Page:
In addition, future plans are underway through the Aquatic Research and Restoration Center for a possible Floating Water Workshop designed by Victoria Prizzia of the Philadelphia firm Habithèque on behalf of the Fairmount Water Works Interpretive Center and the Philadelphia Water Department. Thomas, Kreeger and Butler have contributed to the conceptualization and design process of a 400-square foot collaborative lab and classroom, which would be made possible through the support of the William Penn Foundation. With large tanks of water onboard, this innovative floating classroom would be instrumental in educating countless visitors each year.

“My dream is that this facility would allow students to walk over from the Academy to the The Mussel
Hatchery and the Floating Classroom, hop onto one of our research vessels and boat to Bartram’s Gardens and Independence Seaport Museum and eventually out to the students’ research sites on the Delaware River,” Thomas says.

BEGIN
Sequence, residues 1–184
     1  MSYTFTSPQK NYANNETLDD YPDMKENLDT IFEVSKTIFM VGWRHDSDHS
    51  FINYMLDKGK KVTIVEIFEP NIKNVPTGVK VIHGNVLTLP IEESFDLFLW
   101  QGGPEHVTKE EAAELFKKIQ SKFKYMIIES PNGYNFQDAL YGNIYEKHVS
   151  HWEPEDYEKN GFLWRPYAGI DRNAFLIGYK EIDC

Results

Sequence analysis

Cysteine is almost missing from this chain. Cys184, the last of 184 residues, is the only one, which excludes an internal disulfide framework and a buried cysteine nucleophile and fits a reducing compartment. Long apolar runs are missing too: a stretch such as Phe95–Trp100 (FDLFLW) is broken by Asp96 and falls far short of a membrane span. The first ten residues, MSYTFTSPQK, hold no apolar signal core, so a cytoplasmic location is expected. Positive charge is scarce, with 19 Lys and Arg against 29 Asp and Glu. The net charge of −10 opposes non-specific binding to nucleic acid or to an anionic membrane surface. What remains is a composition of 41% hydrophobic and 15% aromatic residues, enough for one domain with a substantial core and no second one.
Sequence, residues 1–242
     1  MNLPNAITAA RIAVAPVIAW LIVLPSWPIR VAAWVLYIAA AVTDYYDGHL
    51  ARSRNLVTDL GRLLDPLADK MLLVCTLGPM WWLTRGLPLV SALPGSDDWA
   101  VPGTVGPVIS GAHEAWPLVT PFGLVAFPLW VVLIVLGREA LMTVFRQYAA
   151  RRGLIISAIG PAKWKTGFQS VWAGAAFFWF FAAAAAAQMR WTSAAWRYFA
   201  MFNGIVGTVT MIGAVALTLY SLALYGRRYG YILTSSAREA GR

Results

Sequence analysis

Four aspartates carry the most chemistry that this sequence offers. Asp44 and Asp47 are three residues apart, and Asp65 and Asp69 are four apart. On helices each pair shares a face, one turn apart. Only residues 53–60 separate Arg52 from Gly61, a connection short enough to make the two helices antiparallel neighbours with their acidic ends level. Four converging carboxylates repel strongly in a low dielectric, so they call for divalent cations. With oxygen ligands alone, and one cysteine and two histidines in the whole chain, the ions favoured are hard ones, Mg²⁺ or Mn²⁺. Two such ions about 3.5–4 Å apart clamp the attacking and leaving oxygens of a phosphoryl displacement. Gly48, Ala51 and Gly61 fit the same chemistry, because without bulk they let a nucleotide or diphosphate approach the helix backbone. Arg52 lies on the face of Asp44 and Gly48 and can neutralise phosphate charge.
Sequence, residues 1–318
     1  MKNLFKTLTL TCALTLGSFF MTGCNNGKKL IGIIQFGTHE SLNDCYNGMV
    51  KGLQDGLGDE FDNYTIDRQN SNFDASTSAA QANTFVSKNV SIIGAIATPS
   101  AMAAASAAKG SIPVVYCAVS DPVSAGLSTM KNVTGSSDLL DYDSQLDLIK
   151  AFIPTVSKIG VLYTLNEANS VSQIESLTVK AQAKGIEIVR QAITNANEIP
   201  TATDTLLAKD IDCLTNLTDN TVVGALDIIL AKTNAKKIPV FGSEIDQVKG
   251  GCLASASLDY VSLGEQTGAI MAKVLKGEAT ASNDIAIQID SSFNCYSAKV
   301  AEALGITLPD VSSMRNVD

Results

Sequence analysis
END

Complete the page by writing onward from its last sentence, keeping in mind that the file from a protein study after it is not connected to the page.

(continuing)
Meanwhile, inside the Academy, Thomas and Longwill are discussing the future of the Academy’s in vitro mussel work, still very much in its early stages. We know that in vitro may help reduce the cost and space required to help mussels reproduce, and there are infinitely more variables we could tweak to make this work more productive. Time will tell what type of impact these tiny babies will make on
the waters that sustain us, habitats we are trying to preserve and protect for future generations.

By Mary Alice Hartsock

This article originally appeared in the Fall 2018 issue of Academy Frontiers, the Academy’s member magazine.

3 comments

  1. Learning of these collaborative relationships to solve significant environmental problems make me proud to be a donor to the Academy.